A Sublime Evening with Lady Day at Emerson’s Bar and Grill

Though most area theaters are still firmly closed for indoor productions, some smaller venues around South Florida have already opened their doors, with a few notable precautions in place. Each pod of audience members at the Lake Worth Playhouse’s current production of Lady Day At Emerson’s Bar And Grill by Laine Robin, playing there until this May 16th, were seated at a healthy social distance from all others and instructed to wear their masks throughout the performance. 

I still wouldn’t call the evening entirely risk-free, but the fact that by now many of us have gotten our vaccines means that we’re going to have to resume our usual habits eventually. So if you’re already comfortable enough to brave the great indoors for theatre’s sake, now’s as good a time as any to do it, because this play-with-music packs a powerful punch.

Directed by veteran South Florida actress Karen Stephens, the show takes place at one of the last live performances given by jazz legend Billie Holiday, who is also sometimes known by the nickname “Lady Day.” Four months before Holiday’s death of cirrhosis at age 44, her career and reputation had long been seriously marred by her drug and alcohol problems and even a prison sentence. 

Yet, at least as portrayed by actress Pauline Hutchinson, Holiday still has plenty of vocal talent and quite a bit of charm, despite the fact that she is obviously intoxicated from the outset. Throughout the play, we see her pouring herself more and more liquor from the titular bar, become increasingly unfiltered as she does. 

Pauline Hutchinson as Billie Holiday

But Holiday’s story is in no way a simple tale of a superstar who took the party life too far. In the candid monologues she delivers between songs, we learn quite a bit about the tortured life that led her to seek refuge in substances. 

Born Eleanora Fagan in 1915, Billie Holiday was raised by a struggling single mother and suffered several serious traumas during her formative years, though I’ll leave it to the script to enumerate the shocking specifics. 

Her superb singing voice serves as a way out of working at a whorehouse, but even her eventual mainstream success cannot fully protect her from the spectre of her past— or the spectre of racism.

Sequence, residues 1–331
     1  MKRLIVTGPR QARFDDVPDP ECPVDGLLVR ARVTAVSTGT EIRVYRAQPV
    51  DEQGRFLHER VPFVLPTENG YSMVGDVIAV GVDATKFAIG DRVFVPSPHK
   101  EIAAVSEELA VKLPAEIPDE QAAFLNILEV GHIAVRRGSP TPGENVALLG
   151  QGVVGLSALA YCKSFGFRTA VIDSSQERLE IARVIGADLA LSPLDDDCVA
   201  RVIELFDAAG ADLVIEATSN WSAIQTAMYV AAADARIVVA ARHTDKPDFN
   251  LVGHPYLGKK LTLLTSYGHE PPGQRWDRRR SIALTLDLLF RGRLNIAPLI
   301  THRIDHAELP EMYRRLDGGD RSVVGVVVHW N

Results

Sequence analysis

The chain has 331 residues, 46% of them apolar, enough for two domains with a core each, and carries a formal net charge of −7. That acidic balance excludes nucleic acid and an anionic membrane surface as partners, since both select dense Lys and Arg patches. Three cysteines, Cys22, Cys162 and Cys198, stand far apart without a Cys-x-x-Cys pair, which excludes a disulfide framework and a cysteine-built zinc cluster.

Though times have certainly changed since segregation was still the order of the day, many of the burdens that beset Holiday as a black woman in a white mans’ world still resonate deeply today. Billie’s performance of her famous protest song “Strange Fruit,” which describes a lynching, brings to mind several modern murders, and Holiday’s recounting of her father’s death after his blackness prevented him from finding adequate medical care also felt like a poignant reminder of the outsized impact COVID-19 has had on communities and individuals of color.

Though there’s no denying its weighty themes, Lady Day isn’t all gloom and doom; the songs make for refreshing breaks from the heavier material. There’s also plenty of humor to be found in some of Billie’s lighter anecdotes and in the interaction between her and her piano player Jimmy Powers, played by Elijah Taj Gee.

Elijah Taj Gee as Jimmy Powers

Though he was otherwise quite charismatic in his comparatively small role, Gee’s keyboarding is not quite as awe striking as Hutchinson’s singing, though this was only really noticeable during his solos. Her deep heartfelt vocals, though, seem to capture something of the spirit of Billie’s own, and in doing so evokes the true tragedy of what was lost as the world destroyed her. 

Elijah Taj Gee as Jimmy Powers

But it’s particularly ironic that the Billie of Lady Day chooses to wear an all-white gown on this fated night when her prevailing attitude towards whiteness seems to be one of understandable bitterness. Though she looks quite attractive in its stunning silk and some elegant white gloves, the look is not complete until, halfway through the play, she puts a gardenia in her hair, something that had been a signature of the real Billie throughout her career. But in the end, neither the beauty of her voice nor her pristine appearance can begin to cover up for the broken soul that lurks underneath. And, to borrow an insight from this amazing slam poem, not even the scent of gardenias could mask the sickening stench of her slow decay.

Pauline Hutchinson as Billie Holiday

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